The Commission should therefore be mindful that when it approves a new comprehensive audit requirement of this kind, it is in fact delivering an economic windfall to four auditing firms, at a cost to be borne by the entire American business community.

3. If the Commission is persuaded that a comprehensive audit of internal controls is required, it should not require such a report on an annual basis.

If the Commission, after evaluating the comments and concerns of American businesses, concludes that there is value in a comprehensive audit of internal controls, there is nothing in SOXA 404b that requires the Board to mandate this as an annual process. The Board could remain fully consistent with the requirements of the statute if it were to provide for an annual attest report as specifically called for by the statute, but require a periodic comprehensive audit of internal controls by the outside auditors - - whether once every three years, once every five years, or some other periodic term. Such a procedure would have the advantage of limiting the cost to Americas businesses, while at the same time providing a baseline from which the auditors could draw useful information in connection with their annual attest report.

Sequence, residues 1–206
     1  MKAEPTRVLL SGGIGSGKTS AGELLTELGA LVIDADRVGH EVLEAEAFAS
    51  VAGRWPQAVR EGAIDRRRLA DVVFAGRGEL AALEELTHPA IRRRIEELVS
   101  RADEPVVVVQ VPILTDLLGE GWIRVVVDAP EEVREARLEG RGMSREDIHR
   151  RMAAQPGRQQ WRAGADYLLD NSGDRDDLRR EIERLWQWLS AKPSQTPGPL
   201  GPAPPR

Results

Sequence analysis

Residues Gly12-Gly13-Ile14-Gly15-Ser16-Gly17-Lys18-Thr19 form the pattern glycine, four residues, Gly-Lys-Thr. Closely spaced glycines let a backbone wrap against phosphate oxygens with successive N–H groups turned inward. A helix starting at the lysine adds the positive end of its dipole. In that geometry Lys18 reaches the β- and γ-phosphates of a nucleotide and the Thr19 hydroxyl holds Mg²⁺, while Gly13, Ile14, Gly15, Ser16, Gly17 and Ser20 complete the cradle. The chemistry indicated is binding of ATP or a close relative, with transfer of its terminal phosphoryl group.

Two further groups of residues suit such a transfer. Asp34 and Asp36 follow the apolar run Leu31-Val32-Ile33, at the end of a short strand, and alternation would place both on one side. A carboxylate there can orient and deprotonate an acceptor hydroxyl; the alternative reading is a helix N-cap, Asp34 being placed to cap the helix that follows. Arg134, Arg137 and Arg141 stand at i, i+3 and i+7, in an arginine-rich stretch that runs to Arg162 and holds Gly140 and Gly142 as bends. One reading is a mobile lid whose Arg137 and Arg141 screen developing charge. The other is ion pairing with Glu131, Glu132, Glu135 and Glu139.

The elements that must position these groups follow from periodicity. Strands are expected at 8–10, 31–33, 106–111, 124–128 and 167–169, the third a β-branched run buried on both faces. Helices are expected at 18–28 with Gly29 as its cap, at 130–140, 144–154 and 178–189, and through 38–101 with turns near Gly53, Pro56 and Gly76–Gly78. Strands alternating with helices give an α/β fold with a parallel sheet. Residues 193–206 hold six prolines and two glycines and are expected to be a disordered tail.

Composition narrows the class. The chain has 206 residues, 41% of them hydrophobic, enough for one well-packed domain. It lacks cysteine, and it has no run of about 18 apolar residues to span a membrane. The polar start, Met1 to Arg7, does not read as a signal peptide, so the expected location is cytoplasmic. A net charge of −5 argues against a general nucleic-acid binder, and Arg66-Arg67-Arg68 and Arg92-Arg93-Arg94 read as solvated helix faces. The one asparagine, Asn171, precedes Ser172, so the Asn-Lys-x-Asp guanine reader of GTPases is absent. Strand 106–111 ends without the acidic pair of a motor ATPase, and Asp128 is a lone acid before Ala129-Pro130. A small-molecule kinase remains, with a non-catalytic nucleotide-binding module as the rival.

We believe that the issue under consideration by the Commission is of the greatest significance to the American business community. We urge the Commission to give it the attention that is required by the enormity of the proposal, and to approach the issue in a way that gives effect to the intent of Congress.

Respectfully submitted,

Barry S. Augenbraun
Senior Vice President and
Corporate Secretary

cc. Honorable William H. Donaldson, Chairman
Securities and Exchange Commission

Honorable Cynthia A. Glassman
Honorable Harvey J. Goldchmid
Honorable Paul S. Atkins
Honorable Roel C. Campos

Joshua B. Bolten, Director
Office of Management and Budget
725 17th Street NW
Washington, DC 20503